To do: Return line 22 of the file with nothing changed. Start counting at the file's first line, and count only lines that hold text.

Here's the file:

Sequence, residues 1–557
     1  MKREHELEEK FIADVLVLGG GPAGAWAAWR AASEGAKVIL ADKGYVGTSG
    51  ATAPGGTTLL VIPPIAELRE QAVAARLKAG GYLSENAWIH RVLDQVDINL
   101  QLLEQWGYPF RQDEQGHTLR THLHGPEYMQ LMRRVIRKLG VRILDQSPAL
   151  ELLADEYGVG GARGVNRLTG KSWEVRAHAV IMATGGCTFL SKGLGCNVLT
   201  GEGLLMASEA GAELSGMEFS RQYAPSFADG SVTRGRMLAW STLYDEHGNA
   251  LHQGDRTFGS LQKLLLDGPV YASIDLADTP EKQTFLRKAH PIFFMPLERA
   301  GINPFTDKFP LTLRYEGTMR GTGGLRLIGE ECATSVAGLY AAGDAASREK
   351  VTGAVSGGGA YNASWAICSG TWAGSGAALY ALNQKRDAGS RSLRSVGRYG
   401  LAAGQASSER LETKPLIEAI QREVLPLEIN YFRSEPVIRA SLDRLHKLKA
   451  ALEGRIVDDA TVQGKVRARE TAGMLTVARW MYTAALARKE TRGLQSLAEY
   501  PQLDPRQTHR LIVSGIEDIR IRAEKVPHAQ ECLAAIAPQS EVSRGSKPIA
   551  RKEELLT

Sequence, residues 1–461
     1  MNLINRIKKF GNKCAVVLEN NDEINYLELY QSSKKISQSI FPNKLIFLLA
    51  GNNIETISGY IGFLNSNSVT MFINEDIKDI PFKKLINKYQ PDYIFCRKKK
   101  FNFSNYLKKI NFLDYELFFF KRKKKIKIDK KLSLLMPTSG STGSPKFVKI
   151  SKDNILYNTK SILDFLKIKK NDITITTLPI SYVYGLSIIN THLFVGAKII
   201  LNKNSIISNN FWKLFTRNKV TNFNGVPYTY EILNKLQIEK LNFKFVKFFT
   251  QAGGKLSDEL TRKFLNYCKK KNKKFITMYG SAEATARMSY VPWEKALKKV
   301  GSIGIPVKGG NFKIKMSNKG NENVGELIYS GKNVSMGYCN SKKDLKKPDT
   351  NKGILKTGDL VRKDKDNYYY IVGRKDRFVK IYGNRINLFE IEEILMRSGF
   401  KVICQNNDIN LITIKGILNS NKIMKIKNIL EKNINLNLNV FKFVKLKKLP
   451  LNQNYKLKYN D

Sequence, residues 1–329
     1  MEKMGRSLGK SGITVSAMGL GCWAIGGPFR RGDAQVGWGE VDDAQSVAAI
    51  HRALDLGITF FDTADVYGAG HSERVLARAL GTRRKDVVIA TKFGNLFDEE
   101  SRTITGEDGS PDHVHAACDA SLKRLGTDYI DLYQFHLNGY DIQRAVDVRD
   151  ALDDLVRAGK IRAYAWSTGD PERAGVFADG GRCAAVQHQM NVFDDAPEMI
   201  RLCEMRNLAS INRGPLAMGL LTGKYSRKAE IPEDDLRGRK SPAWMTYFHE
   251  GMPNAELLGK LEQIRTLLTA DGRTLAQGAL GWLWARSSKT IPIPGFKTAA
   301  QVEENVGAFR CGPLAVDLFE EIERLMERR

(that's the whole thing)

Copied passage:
   351  NKGILKTGDL VRKDKDNYYY IVGRKDRFVK IYGNRINLFE IEEILMRSGF